“What woman having ten silver coins, if she loses one of them, does not light a lamp, sweep the house, and search carefully until she finds it? When she has found it, she calls together her friends and neighbors, saying, `Rejoice with me, for I have found the coin that I had lost.’ Just so, I tell you, there is joy in the presence of the angels of God over one sinner who repents.”   (Luke 15:8-10)

The scribes and Pharisees, the religious authorities of Israel, did not understand the ministry of Jesus. Nor did they want to understand it. Perhaps one of the best illustrations of this is when Jesus went to visit the tax collector Zacchaeus. From the Gospel of Luke:

All who saw it began to grumble and said, “He has gone to be the guest of one who is a sinner.” Zacchaeus stood there and said to the Lord, “Look, half of my possessions, Lord, I will give to the poor; and if I have defrauded anyone of anything, I will pay back four times as much.” Then Jesus said to him, “Today salvation has come to this house, because he too is a son of Abraham. For the Son of Man came to seek out and to save the lost.”   (Luke 19:7-10)

Jesus came to seek and to save. He is still very much in that ministry. His ministry to Zacchaeus illustrates one very key factor, however. Repentance is required on the part of those who were lost. The Great King David was lost. He had committed adultery and later, murder, to cover up his sin from the eyes of his subjects. God sees everything, however. When David was confronted by Nathan the prophet, David repented from his heart before God. His repentance is found in his beautiful Psalm 51:

Have mercy on me, O God, according to your loving-kindness;
in your great compassion blot out my offenses.

Wash me through and through from my wickedness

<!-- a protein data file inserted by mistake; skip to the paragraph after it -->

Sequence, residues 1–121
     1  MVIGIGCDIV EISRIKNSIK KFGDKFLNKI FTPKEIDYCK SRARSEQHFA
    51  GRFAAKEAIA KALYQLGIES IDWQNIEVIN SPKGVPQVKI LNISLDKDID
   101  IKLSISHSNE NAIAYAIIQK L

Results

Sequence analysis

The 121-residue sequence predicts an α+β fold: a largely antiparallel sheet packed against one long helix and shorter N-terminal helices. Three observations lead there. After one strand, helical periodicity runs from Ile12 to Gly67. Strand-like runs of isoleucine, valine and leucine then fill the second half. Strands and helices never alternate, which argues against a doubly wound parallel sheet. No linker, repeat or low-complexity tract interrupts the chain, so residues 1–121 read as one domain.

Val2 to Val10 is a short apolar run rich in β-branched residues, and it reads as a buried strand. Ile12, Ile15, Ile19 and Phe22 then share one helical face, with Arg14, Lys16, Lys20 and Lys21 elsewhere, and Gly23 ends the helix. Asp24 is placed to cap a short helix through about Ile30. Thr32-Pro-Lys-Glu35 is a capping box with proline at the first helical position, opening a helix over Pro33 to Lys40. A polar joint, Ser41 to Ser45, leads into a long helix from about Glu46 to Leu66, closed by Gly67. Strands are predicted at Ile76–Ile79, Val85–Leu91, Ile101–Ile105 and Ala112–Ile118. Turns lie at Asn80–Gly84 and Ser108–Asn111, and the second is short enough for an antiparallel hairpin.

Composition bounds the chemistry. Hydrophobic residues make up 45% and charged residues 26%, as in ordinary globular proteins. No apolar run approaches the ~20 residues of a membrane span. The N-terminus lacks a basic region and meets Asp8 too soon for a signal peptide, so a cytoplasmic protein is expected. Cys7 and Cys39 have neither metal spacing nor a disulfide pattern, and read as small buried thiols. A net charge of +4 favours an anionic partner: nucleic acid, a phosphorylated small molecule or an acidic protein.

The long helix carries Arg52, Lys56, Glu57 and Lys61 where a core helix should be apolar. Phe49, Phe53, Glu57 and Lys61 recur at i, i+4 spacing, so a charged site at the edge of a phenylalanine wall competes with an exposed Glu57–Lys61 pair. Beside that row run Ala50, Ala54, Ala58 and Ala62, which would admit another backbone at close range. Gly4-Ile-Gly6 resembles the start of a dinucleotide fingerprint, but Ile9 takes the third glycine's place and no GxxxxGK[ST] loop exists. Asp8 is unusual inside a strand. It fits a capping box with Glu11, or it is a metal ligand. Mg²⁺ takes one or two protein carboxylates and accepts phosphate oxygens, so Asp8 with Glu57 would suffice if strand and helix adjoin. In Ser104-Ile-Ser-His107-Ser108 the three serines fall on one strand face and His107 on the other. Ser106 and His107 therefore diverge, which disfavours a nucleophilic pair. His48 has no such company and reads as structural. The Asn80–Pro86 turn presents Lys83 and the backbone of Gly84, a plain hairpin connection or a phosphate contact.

and cleanse me from my sin.

For I know my transgressions,
and my sin is ever before me.

Against you only have I sinned
and done what is evil in your sight.  (Psalm 51:1-4)

The Apostle Paul was at one time lost. He had been persecuting the Early Church. He had zeal for the Mosaic Law. What he failed to understand was that Jesus came to fulfill that law. Paul writes:

I am grateful to Christ Jesus our Lord, who has strengthened me, because he judged me faithful and appointed me to his service, even though I was formerly a blasphemer, a persecutor, and a man of violence. But I received mercy because I had acted ignorantly in unbelief, and the grace of our Lord overflowed for me with the faith and love that are in Christ Jesus. The saying is sure and worthy of full acceptance, that Christ Jesus came into the world to save sinners– of whom I am the foremost.   (1 Timothy 1:12-15)

Are we a lost coin today? If we have sinned against God he will rescue us. He will not only forgive us but he will also cleanse us restore us. Nevertheless,  our repentance must be from our heart. David’s confession in Psalm 51 goes on to say:

For behold, you look for truth deep within me,
and will make me understand wisdom secretly.

Purge me from my sin, and I shall be pure;
wash me, and I shall be clean indeed.

Make me hear of joy and gladness,
that the body you have broken may rejoice.

Hide your face from my sins
and blot out all my iniquities.

Create in me a clean heart, O God,
and renew a right spirit within me.  (Psalm 51:7-11)

Lost coins can become dirty and dull. The good news is that God can clean them and shine them up. The blood of his Son Jesus washes away all of our sins. All we need to do is to turn to Jesus with all our hearts. He has already turned to us. Amen.